Eye For Film >> Movies >> Félicité (2016) Film Review
Reviewed by: Evelin Toth
Set in Kinshasa, the socially divided capital of Democratic Republic of Congo, director Alan Gomis tells a compassionate, socio-realistic tale of a mother struggling to cater for her son. After a motorbike accident critically injures him and leaves him in dire need of an operation, she embarks on a journey to not only gather the money needed, but confront her past wrongs and demons. The film blends the gritty realism of a life so deprived of necessities with emotional sincerity and mesmerising allegorical imagery.
Felicite establishes its setting with a recurring location, the bar its main character sings at to make ends meet. The imagery this opening scene provides is so radiant: the way the people in this part of Kinshasa socialise, the loose social conventions, and the character dynamics between regulars, barkeeps, employees and town drunks. And most importantly, the soul-binding music and the singing that brings it all together. The figure of Felicite stands in the middle of this, withdrawn and introspective, her personality in stark contrast to the enchanting performance she puts on that ignites the night.
The film’s most gripping aspect is the delicacy with which it handles its extraordinary emotional depth. In a world filled with loud, hyperverbal, action-packed movie giants that don’t let the attention rest, it’s refreshing to see a piece of cinema so quiet and minimalistic. As the obstacles pile up and hope fades from Felicite’s life, her expression transforms from a quiet, suppressed and mostly internalised turmoil to something more visceral and aggressive. Her journey is a series of desperate attempts to protect her child, ones that force her to confront her past wrongs and come to terms with the reasons behind her failures and loneliness. The emotional journey within this tale is fantastically articulated by Véro Tshanda Beya Mputu’s soulful performance, expressing the majority of Felicite’s inner crisis without words.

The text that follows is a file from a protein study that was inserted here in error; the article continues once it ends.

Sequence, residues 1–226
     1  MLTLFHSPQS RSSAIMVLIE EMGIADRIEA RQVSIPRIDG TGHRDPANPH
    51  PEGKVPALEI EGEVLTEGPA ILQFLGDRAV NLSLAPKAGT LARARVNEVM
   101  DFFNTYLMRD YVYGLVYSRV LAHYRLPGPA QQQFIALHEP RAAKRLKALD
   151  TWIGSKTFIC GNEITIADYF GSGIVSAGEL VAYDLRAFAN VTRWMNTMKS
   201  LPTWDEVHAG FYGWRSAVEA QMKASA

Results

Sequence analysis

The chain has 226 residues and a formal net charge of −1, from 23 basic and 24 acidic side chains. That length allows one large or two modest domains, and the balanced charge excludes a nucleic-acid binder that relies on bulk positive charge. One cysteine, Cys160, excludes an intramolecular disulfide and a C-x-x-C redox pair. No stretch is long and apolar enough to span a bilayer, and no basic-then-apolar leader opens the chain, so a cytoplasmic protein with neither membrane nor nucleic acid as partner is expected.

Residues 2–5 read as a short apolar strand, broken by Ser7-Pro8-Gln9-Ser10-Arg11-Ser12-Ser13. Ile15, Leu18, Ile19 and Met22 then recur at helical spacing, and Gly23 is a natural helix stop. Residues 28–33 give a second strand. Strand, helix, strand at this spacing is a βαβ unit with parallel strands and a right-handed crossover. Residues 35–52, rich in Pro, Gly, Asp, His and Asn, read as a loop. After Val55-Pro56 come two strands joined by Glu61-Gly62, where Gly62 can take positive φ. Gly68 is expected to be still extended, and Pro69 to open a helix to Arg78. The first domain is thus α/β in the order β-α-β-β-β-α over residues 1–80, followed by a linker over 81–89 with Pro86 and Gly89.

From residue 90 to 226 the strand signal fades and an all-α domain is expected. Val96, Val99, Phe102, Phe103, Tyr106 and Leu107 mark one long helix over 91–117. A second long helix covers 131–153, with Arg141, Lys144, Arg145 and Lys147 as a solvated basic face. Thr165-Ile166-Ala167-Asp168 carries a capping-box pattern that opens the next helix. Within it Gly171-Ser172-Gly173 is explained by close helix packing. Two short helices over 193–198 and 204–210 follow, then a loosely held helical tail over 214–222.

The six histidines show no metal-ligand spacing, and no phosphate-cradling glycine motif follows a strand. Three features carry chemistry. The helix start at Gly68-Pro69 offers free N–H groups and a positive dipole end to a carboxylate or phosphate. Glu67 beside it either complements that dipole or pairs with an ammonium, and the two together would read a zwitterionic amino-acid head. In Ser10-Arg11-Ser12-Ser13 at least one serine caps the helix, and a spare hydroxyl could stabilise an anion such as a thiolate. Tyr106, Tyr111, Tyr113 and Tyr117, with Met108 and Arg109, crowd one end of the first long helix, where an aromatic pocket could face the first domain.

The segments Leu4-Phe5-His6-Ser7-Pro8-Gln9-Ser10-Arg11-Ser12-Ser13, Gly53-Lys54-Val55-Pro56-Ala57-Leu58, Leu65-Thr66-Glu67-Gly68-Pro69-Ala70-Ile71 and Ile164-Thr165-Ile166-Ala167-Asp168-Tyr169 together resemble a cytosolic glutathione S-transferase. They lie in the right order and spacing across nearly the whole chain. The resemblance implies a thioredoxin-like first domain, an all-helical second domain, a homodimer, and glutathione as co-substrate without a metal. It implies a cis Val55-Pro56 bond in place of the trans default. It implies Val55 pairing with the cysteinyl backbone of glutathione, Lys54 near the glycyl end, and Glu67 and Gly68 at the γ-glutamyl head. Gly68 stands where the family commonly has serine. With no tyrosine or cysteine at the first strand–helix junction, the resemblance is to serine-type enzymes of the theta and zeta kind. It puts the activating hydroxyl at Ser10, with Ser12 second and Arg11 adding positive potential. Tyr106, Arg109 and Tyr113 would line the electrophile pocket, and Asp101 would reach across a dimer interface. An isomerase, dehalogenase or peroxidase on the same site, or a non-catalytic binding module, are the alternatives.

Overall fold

While the emotions do most of the work in the film, it’s hard to overlook the plotting interwoven with it. After her son’s motorbike accident, Felicite embarks on a journey to raise the sum needed to save him from amputation. Her struggle is not only with time; in order to get help, she has to confront figures from her past. Despite the undeniable importance of this journey, the plotting of the film often feels drawn out, missing a clear resolution or conclusion. While this could be attributed to the realistic style, as an intentional facet, the confusing pacing is nevertheless a source of frustration for the viewer.
An endlessly emotional journey, Felicite is an introspective film, one that deals with raw, visceral emotions and portrays its shocking, gripping tale in a realistic light. Enriched by the enchanting performances, it conveys the inner turmoil of a desperate mother who has to come to terms with her past before she can proceed with serenity.Reviewed on: 22 Dec 2017